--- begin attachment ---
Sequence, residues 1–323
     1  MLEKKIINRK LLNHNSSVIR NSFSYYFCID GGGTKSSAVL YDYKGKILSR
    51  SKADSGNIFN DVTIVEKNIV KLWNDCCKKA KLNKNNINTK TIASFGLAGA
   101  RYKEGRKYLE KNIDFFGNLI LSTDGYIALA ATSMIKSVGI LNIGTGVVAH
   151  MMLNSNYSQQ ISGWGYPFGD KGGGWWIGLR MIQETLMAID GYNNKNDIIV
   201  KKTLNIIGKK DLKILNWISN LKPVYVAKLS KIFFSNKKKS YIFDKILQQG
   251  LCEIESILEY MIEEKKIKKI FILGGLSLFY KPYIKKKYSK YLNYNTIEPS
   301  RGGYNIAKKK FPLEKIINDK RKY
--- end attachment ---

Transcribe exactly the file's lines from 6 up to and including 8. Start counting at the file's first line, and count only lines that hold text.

   201  KKTLNIIGKK DLKILNWISN LKPVYVAKLS KIFFSNKKKS YIFDKILQQG
   251  LCEIESILEY MIEEKKIKKI FILGGLSLFY KPYIKKKYSK YLNYNTIEPS
   301  RGGYNIAKKK FPLEKIINDK RKY